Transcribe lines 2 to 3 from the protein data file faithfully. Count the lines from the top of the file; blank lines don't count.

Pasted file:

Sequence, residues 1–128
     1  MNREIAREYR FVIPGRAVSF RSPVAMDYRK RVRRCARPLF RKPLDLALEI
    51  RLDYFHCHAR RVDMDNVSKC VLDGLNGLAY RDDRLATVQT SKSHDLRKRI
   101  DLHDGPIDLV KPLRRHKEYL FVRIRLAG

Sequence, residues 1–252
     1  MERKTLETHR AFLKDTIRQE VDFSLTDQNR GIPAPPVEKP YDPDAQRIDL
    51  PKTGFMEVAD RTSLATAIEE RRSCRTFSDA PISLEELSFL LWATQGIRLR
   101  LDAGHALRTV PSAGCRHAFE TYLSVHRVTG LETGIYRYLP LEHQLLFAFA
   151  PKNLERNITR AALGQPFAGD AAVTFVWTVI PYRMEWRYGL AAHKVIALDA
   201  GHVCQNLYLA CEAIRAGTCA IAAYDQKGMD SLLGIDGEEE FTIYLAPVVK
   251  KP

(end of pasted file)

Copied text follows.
     1  MNREIAREYR FVIPGRAVSF RSPVAMDYRK RVRRCARPLF RKPLDLALEI
    51  RLDYFHCHAR RVDMDNVSKC VLDGLNGLAY RDDRLATVQT SKSHDLRKRI